Recently a group of friends and I were lamenting the hassle of running errands with young kids. It’s a royal pain to unstrap them from the car seat, hoist them up and haul them in for a short stop at say, the dry cleaners or drug store. Witness my recent Nightmare in CVS episode to pick up Amoxicillin for two year old Daughter with ear infection:
“I’m sorry Ma’am, we don’t have it.”
“But I heard the nurse call it in!”
“Oh, here it is, but has your insurance changed?”
“Not since I picked up her fluoride vitamins last week!”
All the while Daughter is screaming in pain and lunging out of the cart or my arms. Put her down and she grabs candy from the toddler-height racks and cleverly rips it open. (Smart chick.) I vow never to return. Where is the new drive-through pharmacy in town?
Of course, the other secret solution is to leave your children unattended in the car for just a quick run into the store. Both illegal and dangerous, this option is only used in the most dire circumstances when your eyes can be on the kids from inside the store. And, anyone who’s ever tried this knows what a nervous wreck you are the entire time. First, in case Daughter or Son might be screaming even though you put favorite Barney CD on and opened books on their laps. But actually the greater fear is getting busted by a passerby who calls the cops. Even worse: a write up in the local paper’s Police Log that details said Irresponsible Mother who left children in car in the Store parking lot and claimed she was just “running in to get a few things.” Tssk Tssk.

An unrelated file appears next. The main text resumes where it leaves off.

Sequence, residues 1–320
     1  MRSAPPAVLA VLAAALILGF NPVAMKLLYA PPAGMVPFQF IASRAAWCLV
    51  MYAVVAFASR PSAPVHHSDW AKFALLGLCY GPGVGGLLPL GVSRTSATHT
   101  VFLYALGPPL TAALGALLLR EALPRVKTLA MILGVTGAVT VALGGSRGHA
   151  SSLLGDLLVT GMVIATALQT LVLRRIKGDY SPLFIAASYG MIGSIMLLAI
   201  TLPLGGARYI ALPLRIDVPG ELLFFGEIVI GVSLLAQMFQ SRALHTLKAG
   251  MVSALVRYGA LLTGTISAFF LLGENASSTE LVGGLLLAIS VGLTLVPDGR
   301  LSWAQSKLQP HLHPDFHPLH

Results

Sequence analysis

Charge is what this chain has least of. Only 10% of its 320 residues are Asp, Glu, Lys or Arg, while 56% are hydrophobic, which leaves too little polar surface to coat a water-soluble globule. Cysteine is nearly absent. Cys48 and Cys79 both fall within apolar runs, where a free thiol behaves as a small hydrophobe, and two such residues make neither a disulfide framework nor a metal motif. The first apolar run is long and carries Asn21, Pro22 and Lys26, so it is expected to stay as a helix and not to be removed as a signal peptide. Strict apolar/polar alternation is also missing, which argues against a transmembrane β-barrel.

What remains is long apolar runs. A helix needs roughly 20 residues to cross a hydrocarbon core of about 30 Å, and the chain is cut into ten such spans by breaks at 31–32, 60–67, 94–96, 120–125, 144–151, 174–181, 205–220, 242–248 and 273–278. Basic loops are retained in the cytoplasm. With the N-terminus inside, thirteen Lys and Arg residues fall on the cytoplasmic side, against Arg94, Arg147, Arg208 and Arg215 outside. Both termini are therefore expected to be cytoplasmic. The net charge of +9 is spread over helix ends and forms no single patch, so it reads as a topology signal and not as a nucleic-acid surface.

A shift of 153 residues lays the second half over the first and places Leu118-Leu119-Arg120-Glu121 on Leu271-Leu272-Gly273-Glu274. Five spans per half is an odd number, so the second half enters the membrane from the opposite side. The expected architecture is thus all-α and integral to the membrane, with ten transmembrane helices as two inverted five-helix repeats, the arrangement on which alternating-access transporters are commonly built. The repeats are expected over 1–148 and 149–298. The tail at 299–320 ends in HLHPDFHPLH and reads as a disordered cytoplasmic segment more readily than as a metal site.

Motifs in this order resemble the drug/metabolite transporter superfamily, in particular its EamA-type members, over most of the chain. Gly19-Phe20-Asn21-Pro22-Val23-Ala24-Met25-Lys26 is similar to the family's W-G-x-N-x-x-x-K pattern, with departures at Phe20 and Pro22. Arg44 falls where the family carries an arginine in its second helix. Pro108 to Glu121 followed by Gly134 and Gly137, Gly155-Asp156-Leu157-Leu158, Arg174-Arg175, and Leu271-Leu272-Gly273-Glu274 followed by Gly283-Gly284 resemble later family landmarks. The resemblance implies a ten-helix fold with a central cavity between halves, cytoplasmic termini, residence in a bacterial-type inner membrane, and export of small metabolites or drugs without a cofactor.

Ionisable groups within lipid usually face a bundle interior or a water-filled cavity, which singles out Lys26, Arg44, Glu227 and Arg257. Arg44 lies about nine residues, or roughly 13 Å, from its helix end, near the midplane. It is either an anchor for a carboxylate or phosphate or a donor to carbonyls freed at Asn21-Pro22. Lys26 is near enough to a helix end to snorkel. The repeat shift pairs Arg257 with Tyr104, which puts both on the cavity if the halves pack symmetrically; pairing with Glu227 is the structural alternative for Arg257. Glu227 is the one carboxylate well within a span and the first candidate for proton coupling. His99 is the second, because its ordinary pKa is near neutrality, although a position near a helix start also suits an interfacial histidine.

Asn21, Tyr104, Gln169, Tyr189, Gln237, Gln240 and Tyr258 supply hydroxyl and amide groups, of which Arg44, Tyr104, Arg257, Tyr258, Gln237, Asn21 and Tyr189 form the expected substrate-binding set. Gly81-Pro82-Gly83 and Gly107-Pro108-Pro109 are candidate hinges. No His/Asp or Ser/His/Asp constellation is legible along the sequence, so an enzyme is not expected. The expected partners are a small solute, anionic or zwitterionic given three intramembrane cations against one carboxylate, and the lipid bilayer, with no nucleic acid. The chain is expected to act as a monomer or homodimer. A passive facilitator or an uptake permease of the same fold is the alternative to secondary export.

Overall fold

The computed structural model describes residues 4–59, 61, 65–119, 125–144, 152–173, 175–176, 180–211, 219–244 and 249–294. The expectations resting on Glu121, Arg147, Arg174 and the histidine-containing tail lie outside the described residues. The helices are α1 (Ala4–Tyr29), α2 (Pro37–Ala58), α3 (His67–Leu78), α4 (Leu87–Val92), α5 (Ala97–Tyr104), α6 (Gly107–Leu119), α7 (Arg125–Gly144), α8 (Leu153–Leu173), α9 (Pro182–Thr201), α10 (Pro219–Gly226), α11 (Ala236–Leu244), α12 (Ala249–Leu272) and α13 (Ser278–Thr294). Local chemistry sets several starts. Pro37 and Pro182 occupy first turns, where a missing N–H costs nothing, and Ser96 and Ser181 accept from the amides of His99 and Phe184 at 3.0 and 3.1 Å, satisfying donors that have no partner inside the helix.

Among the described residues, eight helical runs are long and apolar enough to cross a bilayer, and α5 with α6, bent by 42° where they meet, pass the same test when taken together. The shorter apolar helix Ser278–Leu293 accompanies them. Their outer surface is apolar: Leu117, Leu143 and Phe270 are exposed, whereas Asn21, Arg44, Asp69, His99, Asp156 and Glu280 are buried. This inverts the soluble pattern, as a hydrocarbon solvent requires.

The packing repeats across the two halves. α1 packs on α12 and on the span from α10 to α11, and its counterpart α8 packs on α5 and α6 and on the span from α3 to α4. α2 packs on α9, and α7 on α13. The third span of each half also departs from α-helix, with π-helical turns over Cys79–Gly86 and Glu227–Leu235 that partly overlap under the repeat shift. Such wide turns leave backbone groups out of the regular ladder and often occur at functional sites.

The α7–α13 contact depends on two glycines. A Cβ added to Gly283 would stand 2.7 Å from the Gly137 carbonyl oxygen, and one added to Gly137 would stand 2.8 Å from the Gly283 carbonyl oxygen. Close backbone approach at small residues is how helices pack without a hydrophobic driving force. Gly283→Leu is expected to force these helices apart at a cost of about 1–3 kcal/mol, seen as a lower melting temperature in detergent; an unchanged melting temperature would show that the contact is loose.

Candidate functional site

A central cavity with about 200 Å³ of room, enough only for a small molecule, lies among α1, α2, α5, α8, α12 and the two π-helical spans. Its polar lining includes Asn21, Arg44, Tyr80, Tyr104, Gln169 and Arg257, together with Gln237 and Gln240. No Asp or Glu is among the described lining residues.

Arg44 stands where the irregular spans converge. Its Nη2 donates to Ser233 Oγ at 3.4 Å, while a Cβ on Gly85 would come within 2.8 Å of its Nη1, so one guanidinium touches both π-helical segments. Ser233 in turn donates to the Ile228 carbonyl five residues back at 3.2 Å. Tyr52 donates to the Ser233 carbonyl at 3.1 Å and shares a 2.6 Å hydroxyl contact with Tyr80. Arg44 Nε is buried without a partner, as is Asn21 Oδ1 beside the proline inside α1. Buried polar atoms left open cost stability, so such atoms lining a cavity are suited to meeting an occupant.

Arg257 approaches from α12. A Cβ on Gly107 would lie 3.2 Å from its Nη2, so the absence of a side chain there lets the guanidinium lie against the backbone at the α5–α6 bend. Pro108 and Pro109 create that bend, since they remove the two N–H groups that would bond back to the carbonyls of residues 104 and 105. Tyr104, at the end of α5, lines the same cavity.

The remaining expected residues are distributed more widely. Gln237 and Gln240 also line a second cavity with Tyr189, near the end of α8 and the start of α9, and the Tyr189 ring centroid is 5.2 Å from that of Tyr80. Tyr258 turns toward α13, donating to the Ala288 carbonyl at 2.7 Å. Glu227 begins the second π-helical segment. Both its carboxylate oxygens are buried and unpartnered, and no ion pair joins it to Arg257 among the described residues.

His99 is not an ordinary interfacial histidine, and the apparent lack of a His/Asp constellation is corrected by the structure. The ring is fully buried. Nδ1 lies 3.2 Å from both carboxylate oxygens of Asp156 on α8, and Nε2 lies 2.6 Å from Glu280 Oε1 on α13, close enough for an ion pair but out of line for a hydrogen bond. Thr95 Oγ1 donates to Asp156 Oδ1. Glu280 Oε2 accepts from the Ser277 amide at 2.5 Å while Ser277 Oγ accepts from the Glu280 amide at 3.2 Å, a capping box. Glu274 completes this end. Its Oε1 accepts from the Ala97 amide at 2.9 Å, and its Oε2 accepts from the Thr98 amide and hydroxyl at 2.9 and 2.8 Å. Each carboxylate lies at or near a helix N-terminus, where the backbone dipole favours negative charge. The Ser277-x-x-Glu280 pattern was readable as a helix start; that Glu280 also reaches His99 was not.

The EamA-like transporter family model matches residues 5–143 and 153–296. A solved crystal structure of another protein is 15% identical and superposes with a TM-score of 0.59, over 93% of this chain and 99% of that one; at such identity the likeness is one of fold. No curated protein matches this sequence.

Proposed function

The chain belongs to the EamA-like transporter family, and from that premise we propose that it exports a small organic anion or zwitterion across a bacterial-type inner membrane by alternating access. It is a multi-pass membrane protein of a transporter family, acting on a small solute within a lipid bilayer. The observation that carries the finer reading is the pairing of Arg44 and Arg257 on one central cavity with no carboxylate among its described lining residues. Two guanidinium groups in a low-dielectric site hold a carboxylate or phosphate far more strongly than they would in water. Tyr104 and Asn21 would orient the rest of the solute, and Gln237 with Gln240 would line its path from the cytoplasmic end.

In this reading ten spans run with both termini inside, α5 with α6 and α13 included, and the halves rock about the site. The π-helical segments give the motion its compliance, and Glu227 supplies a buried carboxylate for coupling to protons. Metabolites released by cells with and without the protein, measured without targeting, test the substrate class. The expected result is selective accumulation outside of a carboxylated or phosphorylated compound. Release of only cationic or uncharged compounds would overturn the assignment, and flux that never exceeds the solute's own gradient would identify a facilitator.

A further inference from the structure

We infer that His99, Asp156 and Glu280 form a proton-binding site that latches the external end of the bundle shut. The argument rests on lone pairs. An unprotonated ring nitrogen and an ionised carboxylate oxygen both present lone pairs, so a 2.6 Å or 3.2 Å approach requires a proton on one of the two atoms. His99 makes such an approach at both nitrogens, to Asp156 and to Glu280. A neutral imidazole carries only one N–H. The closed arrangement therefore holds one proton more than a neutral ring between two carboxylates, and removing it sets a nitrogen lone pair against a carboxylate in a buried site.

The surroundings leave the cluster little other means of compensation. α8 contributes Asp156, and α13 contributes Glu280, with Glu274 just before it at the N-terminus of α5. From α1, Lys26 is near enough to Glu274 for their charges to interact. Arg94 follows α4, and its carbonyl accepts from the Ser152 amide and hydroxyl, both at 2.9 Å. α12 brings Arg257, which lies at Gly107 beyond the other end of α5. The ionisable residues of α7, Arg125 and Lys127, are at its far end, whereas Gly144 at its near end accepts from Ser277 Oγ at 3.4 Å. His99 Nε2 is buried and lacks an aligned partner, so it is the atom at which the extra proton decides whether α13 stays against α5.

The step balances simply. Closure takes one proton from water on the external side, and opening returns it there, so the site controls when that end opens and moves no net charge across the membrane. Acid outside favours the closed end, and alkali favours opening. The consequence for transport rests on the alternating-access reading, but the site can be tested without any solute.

The 2008 solution? Drive up service. Yep, my friend D. presented this ingenious solution at our girls’ night out. It’s perfect for dry cleaners and even her example, the liquor store! She pulls up front and dials the store:
“Hello, this is D. and I’m out front in the car with my kids. Would you mind bringing me two bottles of chilled Kendall Jackson?” That’s it. Easy as pie. She hands them her credit card or sets up a store charge. Works like a charm.
So, the other day, faced with sleeping Son and soon to be sleeping Daughter, I pulled up to a local vacuum repair shop. How am I going to do this? What if Daughter screams and wakes up Son? And then I remembered D.’s trick and decided to give it a try. I dialed the shop:
“Hi, this Heather Levy. I dropped off my vacuum the other day. Is it ready? Oh, great. Listen, I’m out front in my car with two sleeping kids in the back. Would you mind bringing it out?” He said sure.
And that was it. I handed him cash, he went in and made change and brought that out.
Now, I’m a convert. I realize my new trick’s only appropriate with certain merchants in certain settings, but imagine if stores starting marketing this service as a value added option? They’d corner the Mom market and keep our kids – and reputations – safe.